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FREDERICK I, REDBEARD
 THUS once again there was wrath and bitterness betweenthe houses of Welf and Waiblingen. But meantime the Emperor
could but nurse his wrath, and he returned to fight his Italian foes with such troops as he could muster.
On May 29, 1176, the battle of Legnano was fought. And although the gallant little army did great deeds of
valour, the Germans were utterly defeated. The Emperor himself was in the thickest of the fight. His
standard-bearer was killed, and he himself struck from his horse, and the fighting host swept over him. As the
Emperor was no more to be seen, the terrible news that hewas killed spread through all the host, and in mad
panic the Germans fled.
The generals tried to rally the men. But it was in vain. Each man thought only of saving himself, and fled in
wild panic towards Pavia.
There the sad remnant of the army gathered to mourn their lost leader. The Empress wept and put on mourning
garments. But in vain they sought his dead body among the slain. Then, greatly to the joy of all, after three
days Barbarossa suddenly appeared before the gates of Pavia.
Although wounded and bruised and left for dead Frederick had not been killed. He had recovered himself, and in
the darkness of the night had crept to a
 place of safety, and there he had remained until it was safe for him to join his friends.
IN VAIN THEY SOUGHT HIS DEAD BODY AMONG THE SLAIN.
The battle of Legnano was a turning-point in Barbarossa's reign. He saw that it was useless to fight longer
against the spirit of freedom which had grown up among the great Italian cities. So he made up his mind to
make peace with them. He acknowledged their right to govern themselves and choose their own magistrates,
keeping over them only a vague title of Emperor. He also gave up the cause of the rival Pope, and made friends
with Alexander III, who removed the ban of excommunication from him.
Having thus made peace in Italy, Barbarossa returned to Germany. He had been away four years, and he found
that many of the great nobles had quarrelled among themselves, disturbing the peace of the land. Above all, he
found Henry the Lion at war with many of the lesser nobles. Many of these nobles now came before the Emperor
to complain of the oppression of the great Duke.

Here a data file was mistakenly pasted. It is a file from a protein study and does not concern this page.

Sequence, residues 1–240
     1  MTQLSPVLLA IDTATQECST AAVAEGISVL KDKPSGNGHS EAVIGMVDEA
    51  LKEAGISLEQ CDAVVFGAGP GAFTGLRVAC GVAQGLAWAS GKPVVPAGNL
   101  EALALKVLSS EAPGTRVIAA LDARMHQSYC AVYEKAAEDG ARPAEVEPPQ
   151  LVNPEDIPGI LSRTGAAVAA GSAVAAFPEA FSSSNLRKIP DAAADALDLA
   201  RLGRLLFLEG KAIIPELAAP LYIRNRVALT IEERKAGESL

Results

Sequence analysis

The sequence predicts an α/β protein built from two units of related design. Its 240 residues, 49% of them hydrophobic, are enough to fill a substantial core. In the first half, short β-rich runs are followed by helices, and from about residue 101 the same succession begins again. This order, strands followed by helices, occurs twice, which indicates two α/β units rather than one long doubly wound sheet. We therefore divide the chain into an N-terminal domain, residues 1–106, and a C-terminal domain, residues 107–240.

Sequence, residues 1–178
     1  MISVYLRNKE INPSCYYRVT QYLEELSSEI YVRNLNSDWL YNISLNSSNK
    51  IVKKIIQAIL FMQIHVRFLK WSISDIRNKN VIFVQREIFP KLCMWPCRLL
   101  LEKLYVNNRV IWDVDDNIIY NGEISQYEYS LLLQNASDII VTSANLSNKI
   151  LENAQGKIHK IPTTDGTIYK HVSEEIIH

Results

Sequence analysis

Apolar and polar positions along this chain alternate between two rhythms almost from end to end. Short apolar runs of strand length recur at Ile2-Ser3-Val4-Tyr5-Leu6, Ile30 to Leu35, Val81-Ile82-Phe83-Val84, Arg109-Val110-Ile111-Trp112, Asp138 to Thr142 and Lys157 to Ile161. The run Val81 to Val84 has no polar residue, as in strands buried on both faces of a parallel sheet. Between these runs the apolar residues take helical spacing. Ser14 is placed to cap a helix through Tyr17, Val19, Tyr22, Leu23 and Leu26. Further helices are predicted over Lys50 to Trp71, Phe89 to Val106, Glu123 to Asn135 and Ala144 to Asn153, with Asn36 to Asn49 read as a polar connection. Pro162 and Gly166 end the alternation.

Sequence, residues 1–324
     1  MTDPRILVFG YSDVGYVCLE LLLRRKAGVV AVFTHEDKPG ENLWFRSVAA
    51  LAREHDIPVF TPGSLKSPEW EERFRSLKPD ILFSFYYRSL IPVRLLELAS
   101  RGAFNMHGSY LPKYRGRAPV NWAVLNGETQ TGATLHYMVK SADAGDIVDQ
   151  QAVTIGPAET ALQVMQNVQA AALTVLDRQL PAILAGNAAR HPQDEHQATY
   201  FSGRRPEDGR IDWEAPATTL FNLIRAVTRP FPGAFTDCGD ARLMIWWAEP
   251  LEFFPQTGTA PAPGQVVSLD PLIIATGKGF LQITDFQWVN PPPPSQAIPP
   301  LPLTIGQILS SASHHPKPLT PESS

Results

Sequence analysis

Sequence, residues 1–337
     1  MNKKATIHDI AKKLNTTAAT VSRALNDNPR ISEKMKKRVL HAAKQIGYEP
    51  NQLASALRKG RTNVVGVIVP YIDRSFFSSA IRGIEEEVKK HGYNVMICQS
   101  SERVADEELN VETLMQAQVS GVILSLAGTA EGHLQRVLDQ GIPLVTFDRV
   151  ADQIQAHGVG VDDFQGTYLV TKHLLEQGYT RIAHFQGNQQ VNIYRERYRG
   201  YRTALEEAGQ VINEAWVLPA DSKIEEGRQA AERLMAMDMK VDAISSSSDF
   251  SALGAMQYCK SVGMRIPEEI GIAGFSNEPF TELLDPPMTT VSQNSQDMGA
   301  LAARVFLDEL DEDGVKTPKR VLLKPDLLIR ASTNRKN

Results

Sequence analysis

Barbarossa too had somewhat against the Lion; he had not forgotten the day upon which he had knelt in vain,
and he commanded the Duke to appear before him to answer for his misdeeds. Henry did not come.
Four times he was commanded to come. Four times he refused. Then the Emperor declared Henry the Lion to be an
outlaw. All his lands and possessions were taken from him, his vassals were freed of their oaths to him, and
his life was at the mercy of any who chose to take it.
Undismayed at the Emperor's wrath, Henry prepared for war. So once more the smouldering hate between Welf and
Waiblingen leapt up in flames. Many battles
 had Barbarossa fought in Italy. But against his own people his sword had scarce been drawn. Now he made ready
to draw it, not only against his own people but against his own cousin and life-long friend.
Soon through all the land the noise of war spread; armies marched to and fro, battles were fought, towns and
castles were taken and retaken.
Henry was so powerful that it seemed at first doubtful which side would win. But in the days of his greatness
Henry's pride had made for him many enemies. Now one by one many left his side and joined that of the Emperor.
Others who had promised help did not send it. Loss after loss fell upon him. At length, unable to hold out
longer, he yielded, and throwing himself at the Emperor's feet, begged forgiveness.
With tears in his eyes the Emperor raised him. "You are the creator of your own misfortune," he said, and
But even though Barbarossa forgave Henry he could not raise him to his former power. For the nobles were
against him. So, although some land was still left to him, both his dukedoms were taken from him, and he was
banished for three years.